Samsung N350 dual-core netbook
Slimmer, faster and - ahem - pricier...
Performance aside, Samsung continues its trend of using matte displays as opposed to the eye-catching - and, of course, reflection-catching - versions found on most netbooks and laptops. While this 10.1in screen lacks the vibrancy of its glossy cousins, it’s no slouch in terms of brightness; crank this beauty up to full whack in a dark room and you’ll be reaching for your sunglasses. It also performs very well outside, even on bright, sunny days.
Well-spaced, responsive keys make for an excellent typing experience
Wireless in the form of 802.11n is provided courtesy of a Broadcom adapter, while Bluetooth 3.0 also makes its way onto the spec sheet. Samsung hasn’t managed to include any USB 3.0 ports, but the three USB 2.0 versions should keep most users happy. Storage is also well-catered for, with a 250GB drive spinning at 5400pm.
The N350 manages to run at a whisper most of the time, and I didn’t notice any uncomfortable hotspots during extended sessions. Like most netbooks, though, it’s not best suited to upgrades. As mentioned earlier, getting at the memory is no problem, but the wireless card and hard drive are well hidden – I tried removing all visible screws, but belly of the chassis wouldn’t budge.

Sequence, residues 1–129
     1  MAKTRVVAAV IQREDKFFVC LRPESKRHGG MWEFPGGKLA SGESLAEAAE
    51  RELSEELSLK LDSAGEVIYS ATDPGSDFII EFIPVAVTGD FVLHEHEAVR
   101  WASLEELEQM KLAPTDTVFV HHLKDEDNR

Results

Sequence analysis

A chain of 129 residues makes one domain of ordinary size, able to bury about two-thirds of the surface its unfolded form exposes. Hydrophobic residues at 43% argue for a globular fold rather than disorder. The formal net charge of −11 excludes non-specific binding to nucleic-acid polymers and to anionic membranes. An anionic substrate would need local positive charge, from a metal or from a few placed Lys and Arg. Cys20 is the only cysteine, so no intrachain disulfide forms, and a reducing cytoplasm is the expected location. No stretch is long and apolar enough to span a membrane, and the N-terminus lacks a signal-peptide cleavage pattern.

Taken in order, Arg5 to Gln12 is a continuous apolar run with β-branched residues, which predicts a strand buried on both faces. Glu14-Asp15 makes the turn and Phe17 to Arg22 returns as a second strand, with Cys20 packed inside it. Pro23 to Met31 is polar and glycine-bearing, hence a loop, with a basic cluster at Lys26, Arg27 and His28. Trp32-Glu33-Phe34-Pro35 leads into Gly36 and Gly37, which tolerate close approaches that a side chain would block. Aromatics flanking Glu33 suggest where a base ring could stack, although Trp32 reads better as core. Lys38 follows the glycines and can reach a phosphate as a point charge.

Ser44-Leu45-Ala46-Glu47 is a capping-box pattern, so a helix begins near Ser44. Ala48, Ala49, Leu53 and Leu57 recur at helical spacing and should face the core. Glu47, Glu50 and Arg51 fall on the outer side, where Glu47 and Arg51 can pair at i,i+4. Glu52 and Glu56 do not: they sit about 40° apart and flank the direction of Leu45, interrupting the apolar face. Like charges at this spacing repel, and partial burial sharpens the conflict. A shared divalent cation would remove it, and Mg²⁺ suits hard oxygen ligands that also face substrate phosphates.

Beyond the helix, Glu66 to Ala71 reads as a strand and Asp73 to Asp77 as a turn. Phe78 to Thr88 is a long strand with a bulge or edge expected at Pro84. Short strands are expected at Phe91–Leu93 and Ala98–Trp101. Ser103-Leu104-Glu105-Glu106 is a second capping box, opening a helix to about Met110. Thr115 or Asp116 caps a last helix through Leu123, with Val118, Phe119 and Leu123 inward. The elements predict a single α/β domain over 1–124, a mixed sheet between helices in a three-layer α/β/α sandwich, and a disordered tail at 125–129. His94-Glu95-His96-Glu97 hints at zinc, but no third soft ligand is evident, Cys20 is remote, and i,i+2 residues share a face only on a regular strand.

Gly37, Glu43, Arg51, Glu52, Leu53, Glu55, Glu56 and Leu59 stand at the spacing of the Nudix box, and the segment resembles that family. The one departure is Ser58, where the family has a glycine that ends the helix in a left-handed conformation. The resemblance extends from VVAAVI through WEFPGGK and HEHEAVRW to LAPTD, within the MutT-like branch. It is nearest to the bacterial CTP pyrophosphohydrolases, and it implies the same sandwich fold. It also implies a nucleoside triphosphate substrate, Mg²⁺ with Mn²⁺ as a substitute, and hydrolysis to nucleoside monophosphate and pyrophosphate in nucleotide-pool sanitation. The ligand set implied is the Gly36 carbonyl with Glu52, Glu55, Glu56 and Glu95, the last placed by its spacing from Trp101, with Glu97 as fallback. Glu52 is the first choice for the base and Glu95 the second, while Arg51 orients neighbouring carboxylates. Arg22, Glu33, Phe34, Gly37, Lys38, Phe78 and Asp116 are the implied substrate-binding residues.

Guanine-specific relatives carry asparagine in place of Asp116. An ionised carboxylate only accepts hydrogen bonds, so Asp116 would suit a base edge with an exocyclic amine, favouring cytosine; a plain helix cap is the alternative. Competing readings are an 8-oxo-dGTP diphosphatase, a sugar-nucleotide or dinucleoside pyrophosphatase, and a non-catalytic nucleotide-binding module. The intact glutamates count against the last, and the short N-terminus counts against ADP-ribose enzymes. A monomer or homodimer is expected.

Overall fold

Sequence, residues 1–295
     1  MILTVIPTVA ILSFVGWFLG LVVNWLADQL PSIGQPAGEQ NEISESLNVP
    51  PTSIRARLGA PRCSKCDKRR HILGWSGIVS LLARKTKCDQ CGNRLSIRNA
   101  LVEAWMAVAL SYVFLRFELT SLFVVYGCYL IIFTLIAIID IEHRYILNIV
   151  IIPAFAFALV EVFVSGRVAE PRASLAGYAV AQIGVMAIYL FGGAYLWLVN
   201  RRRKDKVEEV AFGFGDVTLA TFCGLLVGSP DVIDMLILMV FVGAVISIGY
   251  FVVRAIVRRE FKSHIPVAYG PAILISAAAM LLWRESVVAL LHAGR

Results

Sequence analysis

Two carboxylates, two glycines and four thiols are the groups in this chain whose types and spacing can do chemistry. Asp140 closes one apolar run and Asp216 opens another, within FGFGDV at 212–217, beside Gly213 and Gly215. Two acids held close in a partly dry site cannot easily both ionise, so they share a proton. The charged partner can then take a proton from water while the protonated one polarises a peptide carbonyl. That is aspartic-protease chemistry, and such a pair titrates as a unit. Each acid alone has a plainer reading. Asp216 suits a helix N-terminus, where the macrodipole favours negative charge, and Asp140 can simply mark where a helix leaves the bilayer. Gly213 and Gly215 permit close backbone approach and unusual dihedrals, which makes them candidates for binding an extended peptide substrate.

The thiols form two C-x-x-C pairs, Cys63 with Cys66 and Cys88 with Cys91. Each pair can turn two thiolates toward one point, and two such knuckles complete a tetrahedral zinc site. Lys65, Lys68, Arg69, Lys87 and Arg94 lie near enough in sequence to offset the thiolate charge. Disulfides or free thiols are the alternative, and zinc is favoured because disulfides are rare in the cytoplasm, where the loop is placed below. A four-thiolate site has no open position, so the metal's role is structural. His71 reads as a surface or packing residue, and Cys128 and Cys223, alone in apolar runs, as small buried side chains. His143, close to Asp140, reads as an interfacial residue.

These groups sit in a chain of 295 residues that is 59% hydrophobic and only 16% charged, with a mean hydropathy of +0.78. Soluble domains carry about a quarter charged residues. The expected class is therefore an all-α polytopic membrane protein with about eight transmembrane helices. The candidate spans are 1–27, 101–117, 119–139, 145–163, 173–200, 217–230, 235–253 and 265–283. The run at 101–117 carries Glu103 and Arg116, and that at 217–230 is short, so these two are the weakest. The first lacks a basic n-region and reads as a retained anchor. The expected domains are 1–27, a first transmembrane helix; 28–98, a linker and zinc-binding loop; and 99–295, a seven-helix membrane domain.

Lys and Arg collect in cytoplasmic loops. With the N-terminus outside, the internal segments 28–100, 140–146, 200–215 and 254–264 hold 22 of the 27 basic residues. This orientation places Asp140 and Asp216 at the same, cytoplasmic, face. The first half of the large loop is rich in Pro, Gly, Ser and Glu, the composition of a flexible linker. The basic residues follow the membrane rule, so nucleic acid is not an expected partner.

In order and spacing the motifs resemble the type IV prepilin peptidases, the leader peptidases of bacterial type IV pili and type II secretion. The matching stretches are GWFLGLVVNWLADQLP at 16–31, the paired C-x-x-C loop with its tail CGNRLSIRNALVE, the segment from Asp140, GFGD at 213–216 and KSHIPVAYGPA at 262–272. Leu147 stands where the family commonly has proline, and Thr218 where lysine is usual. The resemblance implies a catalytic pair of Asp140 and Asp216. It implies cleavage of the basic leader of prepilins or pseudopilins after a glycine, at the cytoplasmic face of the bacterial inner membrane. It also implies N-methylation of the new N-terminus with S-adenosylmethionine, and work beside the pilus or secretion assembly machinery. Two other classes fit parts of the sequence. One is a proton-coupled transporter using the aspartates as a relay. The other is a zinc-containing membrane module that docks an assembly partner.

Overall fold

Despite the N350’s terrific display, excellent keyboard and overall decent design, it’s simply too expensive. Sure, it’s nice to know you’ve got a dual-core processor beating away inside, but I get the feeling most people would prefer the price cut offered by single-core models. Furthermore, unless you’re running a benchmark you’re very unlikely to notice any boost in performance.
Then there’s the disappointment of the low-capacity battery. In my mind, the very nature of netbooks means decent battery life is a must. After all, why have a highly portable computer that can only manage a few hours away from a power socket? What’s more, Asus’ similarly-specced 1015PEM is on sale at roughly the same price yet lasts nearly two hours longer in the same test. The only consolation is that the N350’s small battery makes for a thin and light netbook.
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